Utah Law Review, Vol 2009, No 1

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Peter J. Cohen


Cannabis, more commonly referred to as marijuana, has a long history of medical use in this country and worldwide. Accounts dating back as far as 2700 B.C. describe the Chinese using marijuana for maladies ranging from rheumatism to constipation. There are similar reports of Indians, Africans, ancient Greeks and medieval Europeans using the substance to treat fevers, dysentery and malaria. In the United States, physicians documented the therapeutic properties of the drug as early as 1840, and the drug was included in the United States Pharmacopoeia, the official list of recognized medical drugs, from 1850 through 1942. During this period, lack of appetite was one of the indications for marijuana prescription.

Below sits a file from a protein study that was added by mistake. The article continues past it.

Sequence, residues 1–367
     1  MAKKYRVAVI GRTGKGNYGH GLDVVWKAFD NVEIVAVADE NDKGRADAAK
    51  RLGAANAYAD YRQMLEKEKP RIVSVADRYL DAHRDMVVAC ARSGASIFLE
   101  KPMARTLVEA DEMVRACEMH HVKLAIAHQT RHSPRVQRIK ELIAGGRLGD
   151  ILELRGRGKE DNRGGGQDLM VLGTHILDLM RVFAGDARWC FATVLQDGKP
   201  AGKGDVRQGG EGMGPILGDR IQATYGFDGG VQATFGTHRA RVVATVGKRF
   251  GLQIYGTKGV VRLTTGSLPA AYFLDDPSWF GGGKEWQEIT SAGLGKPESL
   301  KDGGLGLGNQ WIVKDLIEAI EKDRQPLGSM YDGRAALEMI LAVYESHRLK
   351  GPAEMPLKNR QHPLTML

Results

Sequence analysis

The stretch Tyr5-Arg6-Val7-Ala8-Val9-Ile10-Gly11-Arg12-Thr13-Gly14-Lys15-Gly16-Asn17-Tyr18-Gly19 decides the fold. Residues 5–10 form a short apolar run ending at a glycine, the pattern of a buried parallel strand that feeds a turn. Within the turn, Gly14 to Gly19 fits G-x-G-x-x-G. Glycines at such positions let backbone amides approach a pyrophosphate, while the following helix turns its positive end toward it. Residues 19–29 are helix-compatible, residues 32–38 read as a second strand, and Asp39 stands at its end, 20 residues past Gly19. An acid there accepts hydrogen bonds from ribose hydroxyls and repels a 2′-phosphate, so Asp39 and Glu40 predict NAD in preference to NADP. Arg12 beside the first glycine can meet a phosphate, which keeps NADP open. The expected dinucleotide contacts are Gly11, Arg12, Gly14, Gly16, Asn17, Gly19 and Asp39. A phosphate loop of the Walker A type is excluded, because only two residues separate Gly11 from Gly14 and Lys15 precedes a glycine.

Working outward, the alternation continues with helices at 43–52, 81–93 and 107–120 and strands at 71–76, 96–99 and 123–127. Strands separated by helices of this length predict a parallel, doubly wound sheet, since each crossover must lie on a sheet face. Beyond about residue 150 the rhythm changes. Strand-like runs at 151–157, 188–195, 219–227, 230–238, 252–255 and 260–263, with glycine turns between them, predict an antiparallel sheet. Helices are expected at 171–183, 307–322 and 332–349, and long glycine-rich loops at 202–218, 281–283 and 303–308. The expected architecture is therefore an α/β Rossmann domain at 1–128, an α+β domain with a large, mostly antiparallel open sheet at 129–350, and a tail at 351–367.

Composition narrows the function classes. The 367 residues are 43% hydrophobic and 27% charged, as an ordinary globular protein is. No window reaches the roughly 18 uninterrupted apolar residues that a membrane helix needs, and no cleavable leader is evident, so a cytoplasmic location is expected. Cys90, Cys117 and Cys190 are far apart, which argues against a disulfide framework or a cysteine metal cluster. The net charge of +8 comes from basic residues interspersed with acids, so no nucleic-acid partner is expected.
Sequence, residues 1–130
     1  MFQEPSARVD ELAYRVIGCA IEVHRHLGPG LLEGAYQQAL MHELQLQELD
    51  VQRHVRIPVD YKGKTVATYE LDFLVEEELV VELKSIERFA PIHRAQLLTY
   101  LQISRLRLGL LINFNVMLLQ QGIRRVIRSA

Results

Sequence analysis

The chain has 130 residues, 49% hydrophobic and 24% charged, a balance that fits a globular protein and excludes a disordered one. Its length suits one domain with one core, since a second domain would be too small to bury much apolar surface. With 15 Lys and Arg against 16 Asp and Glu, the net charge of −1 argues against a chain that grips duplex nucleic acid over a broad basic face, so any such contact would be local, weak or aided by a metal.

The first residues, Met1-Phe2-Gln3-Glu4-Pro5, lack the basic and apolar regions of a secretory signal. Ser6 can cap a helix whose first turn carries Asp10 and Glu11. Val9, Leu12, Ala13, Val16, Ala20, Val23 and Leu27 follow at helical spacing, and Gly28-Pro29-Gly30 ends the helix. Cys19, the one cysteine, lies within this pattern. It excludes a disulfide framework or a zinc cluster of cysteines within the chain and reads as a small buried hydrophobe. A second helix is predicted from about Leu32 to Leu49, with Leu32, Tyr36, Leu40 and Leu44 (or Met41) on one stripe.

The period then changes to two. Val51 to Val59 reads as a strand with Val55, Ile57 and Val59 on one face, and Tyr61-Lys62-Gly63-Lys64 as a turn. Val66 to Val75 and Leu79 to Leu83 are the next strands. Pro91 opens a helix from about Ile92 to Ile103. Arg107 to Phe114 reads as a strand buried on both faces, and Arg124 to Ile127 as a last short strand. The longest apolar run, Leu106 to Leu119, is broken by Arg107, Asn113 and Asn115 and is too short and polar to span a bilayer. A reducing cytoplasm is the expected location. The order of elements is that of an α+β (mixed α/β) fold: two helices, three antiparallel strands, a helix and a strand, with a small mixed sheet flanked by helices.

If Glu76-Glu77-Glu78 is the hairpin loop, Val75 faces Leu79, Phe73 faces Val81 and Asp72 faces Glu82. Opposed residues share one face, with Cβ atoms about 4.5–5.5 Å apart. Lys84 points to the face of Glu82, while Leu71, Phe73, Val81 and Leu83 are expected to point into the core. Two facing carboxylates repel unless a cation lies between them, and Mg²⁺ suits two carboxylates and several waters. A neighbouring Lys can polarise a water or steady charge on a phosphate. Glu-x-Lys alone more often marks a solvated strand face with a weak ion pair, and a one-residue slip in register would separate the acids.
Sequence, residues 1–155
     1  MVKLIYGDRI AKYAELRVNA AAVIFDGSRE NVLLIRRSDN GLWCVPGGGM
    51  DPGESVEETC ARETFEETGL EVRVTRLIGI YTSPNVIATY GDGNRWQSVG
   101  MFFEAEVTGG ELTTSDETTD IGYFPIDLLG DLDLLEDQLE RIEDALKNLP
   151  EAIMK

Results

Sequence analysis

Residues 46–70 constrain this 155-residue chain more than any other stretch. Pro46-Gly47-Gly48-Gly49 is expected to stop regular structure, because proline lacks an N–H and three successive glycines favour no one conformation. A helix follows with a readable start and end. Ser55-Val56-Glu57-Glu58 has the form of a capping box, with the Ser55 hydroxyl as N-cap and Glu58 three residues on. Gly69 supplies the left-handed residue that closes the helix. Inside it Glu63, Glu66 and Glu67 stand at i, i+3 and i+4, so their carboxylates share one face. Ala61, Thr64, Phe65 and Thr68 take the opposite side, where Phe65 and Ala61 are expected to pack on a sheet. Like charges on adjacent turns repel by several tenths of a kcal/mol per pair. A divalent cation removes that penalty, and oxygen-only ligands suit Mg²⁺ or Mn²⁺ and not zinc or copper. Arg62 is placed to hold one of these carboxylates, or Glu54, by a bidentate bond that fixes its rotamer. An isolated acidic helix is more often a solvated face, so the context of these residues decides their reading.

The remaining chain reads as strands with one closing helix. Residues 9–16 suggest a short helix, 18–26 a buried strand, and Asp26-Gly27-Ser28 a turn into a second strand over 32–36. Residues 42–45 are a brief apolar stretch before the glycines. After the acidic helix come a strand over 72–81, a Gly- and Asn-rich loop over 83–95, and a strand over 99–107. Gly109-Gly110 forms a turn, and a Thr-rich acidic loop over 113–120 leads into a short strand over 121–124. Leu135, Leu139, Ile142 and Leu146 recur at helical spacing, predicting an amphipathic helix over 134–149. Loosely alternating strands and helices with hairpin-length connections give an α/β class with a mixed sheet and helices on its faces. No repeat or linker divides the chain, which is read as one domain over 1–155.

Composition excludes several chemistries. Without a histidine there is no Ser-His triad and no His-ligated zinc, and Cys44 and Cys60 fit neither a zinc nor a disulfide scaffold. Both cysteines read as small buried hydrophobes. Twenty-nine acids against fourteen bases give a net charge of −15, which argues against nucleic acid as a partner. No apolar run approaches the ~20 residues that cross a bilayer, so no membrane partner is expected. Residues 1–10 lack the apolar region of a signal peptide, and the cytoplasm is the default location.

The earliest available references to the cultivation of poppies and preparation of opium date back to about 5000 BC as seen in clay tablets left by the Sumerians . . . [and was] used in Egypt as far back as 2000 BC as a children’s sedative and teething remedy. . . . Galen [who] was the leading most physician in Rome from about AD 169–192 . . . so enthusiastically lauded the virtues of opium that its popularity grew to new heights by the end of the second century. . . . Opium was also used extensively by Arab physicians, the most celebrated of whom was Avicenna (AD 980–1037). Avicenna recommended opium especially for diarrhoea and eye problems . . . . A form of opium known as “laudanum” (from the Latin word Laudare, meaning “to praise”) became very popular in the seventeenth century for treating dysentery. The British physician, Thomas Sydenham (1624–89), sometimes known as “the English Hippocrates,” virtually put an official stamp of approval by advocating its use in dysentery and other such conditions.

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